Google and Verizon think small business customers are pretty stupid

Cost-saving bundle is a lot of noise for almost no benefit at all

Verizon and Google have a deal they think is great for small business customers.

Well, very, very small business customers.

Customers that have three employees or fewer, are close enough to financial disaster that $5 a month could make or break them, and are not smart enough to see the difference between "marketing" and "BS."

Sound compelling?

The package is essentially a straight Verizon broadband Internet account, though Verizon makes a big deal about it including WiFi -- via the wireless router that comes with every Verizon account.

Customers who sign up for a bundle of two or more Verizon Internet services -- TV, VoIP and broadband access get a free, three-user Google Apps account and a custom domain name for a year.

The only thing different about the bundle from an ordinary Verizon account is the name, Google Apps for Verizon, the free accounts, and the volume of overly earnest, way-too-excited language in the marketing.

Three free Google Apps accounts, at $50 per user per year, and a domain name for which Google charges $10, adds up to $160 in savings.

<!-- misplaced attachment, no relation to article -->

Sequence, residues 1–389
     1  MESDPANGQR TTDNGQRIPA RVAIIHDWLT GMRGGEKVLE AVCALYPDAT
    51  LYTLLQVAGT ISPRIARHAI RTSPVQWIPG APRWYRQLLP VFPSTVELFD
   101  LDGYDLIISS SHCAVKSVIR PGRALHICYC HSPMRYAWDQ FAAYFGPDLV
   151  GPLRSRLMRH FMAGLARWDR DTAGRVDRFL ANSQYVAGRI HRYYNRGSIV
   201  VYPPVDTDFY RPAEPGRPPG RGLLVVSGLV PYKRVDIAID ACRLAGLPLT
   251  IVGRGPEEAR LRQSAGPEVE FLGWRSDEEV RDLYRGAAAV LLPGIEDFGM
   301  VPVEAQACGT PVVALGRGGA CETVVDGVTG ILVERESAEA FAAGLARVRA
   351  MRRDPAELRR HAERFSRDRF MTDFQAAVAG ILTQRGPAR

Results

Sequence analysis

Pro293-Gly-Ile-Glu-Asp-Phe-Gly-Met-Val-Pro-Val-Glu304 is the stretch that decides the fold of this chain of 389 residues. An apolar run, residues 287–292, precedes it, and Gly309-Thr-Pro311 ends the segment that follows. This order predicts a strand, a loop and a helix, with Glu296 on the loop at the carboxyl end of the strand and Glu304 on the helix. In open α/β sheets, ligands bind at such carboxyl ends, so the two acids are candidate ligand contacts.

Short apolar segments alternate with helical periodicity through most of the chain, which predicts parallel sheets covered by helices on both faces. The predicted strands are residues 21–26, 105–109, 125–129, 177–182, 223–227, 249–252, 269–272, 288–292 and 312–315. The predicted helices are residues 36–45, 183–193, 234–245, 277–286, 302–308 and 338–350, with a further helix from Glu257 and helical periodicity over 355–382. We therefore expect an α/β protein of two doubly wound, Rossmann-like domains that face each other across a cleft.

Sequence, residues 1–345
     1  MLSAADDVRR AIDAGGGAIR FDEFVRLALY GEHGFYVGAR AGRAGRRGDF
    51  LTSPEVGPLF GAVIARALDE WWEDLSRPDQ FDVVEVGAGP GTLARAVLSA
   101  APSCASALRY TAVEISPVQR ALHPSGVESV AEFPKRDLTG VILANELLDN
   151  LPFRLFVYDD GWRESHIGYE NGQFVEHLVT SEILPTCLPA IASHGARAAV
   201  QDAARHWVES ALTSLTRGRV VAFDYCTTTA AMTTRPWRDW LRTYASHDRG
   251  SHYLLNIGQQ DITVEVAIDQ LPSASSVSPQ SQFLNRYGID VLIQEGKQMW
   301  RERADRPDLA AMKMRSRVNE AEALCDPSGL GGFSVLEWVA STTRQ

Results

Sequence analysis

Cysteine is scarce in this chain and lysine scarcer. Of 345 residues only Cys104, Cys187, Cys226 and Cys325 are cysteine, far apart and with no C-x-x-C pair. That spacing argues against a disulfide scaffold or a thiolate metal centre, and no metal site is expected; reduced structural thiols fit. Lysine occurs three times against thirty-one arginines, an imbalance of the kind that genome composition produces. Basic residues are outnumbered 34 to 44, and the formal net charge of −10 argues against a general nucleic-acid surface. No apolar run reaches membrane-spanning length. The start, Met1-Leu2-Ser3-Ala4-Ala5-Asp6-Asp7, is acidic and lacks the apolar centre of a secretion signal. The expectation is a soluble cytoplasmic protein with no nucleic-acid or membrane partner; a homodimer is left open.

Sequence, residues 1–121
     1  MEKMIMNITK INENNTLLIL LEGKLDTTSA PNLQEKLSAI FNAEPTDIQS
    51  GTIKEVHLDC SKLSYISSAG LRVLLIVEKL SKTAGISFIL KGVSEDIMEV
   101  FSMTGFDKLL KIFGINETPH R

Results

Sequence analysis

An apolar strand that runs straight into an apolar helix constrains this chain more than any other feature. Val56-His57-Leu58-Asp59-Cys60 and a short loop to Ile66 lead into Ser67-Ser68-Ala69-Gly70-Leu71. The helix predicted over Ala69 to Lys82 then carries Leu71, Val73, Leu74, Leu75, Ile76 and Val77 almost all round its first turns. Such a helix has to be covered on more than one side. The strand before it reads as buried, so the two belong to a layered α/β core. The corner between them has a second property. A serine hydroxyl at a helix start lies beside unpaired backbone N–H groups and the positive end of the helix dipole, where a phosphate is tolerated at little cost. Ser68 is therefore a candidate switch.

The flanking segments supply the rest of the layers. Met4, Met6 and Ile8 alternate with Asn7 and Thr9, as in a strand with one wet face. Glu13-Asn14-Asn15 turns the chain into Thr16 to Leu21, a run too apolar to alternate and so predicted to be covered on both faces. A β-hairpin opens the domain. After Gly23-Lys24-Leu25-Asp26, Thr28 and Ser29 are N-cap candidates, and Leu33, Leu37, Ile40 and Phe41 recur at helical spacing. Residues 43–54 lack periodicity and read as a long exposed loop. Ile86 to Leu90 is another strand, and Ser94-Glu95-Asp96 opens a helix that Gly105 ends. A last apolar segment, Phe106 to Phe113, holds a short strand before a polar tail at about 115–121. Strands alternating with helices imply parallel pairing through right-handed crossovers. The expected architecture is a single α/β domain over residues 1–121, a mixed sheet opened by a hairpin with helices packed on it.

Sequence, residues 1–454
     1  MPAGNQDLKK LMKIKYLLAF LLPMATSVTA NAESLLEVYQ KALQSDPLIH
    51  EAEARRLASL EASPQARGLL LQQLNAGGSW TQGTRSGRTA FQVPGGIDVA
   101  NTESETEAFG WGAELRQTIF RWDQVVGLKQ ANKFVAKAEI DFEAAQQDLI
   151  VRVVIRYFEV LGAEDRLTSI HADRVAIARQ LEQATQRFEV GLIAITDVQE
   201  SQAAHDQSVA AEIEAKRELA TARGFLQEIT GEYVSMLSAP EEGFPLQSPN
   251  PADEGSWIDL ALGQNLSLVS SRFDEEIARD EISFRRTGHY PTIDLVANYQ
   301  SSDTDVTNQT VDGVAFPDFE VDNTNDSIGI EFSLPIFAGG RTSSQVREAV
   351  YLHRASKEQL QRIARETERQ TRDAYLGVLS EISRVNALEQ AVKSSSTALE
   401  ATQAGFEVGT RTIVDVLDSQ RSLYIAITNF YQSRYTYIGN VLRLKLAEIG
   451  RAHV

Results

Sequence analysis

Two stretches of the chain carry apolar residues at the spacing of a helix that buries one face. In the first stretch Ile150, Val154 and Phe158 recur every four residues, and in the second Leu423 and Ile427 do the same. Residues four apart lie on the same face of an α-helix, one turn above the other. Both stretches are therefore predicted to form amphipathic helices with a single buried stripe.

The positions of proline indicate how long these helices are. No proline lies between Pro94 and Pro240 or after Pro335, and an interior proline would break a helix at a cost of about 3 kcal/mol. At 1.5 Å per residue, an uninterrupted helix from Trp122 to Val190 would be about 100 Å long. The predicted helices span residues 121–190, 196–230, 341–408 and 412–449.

Verizon's description calls it $140, so I'll go with that, divide by 12 months, and realize the bundle would be saving me a total operational expense of $5 per month.

Any additional end users will cost $3.99 per month, or $47.88 per year. That's $2.12 in additional savings per employee!

For what Verizon says is a set of services that will "help streamline your small business."

Five bucks a month is streamlining?

Verizon may mean that the Google apps are easier to use and maintain than on-premise versions of the same thing, which is true within a certain value of "how big a pain is this to maintain."

Or it could mean the online backup and recovery and other services it can supply through the same pipe -- for an additional charge.

Since those are all available anyway, and small businesses that use Exchange and Office instead of cloud-based apps are going to have some migration costs, I'm going to say the five bucks a month is not going to be the selling point.

And if I'm already sold on the cloud approach, bundling Google with Verizon -- which is probably indistinguishable from just having Verizon broadband and just going to Google -- is also not going to do it.

Which makes the whole offer just kind of ridiculous. Like offering to sell eggs at $1 each or a dozen for $11.99. There's some benefit, but it's smaller than the effort to discern it, especially if you're blowharding it all over the Web to make people think you're really offering them something special rather than just hooking up the Internet and letting them do what they'd probably do with it, anyway.

Dial it down a notch, V.

Kevin Fogarty writes about enterprise IT for ITworld. Follow him on Twitter @KevinFogarty.

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